While religion has remained a hushed topic in Egypt’s public sphere, it has become increasingly salient with the rise of sectarian strife all over the country. While my experience only represents one of so many, it alarms me that it took place in a middle-class setting in Egypt’s largest and most developed city. I can only imagine the situation in less developed cities both in Egypt and worldwide where Muslims and Christians live side by side and are taught to tolerate each other rather than openly engage in interfaith dialogue.
At the opening ceremony of the Wheatley International Affairs Conference, Eboo Patel spoke about his Mormon girlfriend from high school and how she helped strengthen his faith in Islam. I found this story to be one of the most powerful moments of his speech as I instantly thought of my Protestant best friend who pushes me every day to become a better Muslim. The wealth of religious diversity at Georgetown and the vibrancy of interfaith dialogue have fueled and enriched my religious journey.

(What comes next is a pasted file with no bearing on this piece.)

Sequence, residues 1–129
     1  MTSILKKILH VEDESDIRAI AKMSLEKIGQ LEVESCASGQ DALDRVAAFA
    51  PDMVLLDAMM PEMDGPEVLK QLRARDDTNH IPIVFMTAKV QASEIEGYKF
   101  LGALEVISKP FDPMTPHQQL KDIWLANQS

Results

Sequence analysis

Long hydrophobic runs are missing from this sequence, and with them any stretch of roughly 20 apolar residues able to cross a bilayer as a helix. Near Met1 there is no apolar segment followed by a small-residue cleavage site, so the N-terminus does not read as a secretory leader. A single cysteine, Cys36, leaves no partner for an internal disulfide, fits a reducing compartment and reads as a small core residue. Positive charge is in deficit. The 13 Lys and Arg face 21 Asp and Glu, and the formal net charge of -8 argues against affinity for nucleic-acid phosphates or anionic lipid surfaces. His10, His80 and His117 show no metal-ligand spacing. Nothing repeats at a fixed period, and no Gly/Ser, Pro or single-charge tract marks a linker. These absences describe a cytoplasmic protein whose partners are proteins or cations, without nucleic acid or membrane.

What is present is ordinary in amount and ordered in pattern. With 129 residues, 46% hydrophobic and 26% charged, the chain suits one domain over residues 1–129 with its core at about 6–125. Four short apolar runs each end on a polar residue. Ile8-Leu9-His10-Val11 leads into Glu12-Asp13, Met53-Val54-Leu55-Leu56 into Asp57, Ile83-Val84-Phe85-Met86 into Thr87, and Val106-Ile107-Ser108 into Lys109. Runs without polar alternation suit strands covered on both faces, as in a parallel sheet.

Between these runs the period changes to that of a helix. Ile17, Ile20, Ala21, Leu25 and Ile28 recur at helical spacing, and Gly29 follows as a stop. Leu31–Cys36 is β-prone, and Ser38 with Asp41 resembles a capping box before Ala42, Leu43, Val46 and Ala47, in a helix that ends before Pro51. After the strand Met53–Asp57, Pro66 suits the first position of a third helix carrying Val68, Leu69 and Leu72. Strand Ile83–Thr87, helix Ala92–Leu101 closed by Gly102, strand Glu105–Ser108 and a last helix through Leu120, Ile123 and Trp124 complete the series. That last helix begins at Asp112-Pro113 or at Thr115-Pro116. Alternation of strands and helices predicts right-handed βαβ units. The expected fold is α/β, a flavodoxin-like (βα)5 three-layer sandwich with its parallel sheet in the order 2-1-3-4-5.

On a larger scale, I believe that interreligious dialogue is a necessary tool for social development and national reconciliation efforts, which are especially pertinent to countries that struggle with sectarian tensions. There is so much to learn from those of different faith backgrounds, and it is important to extend that opportunity to all youth worldwide.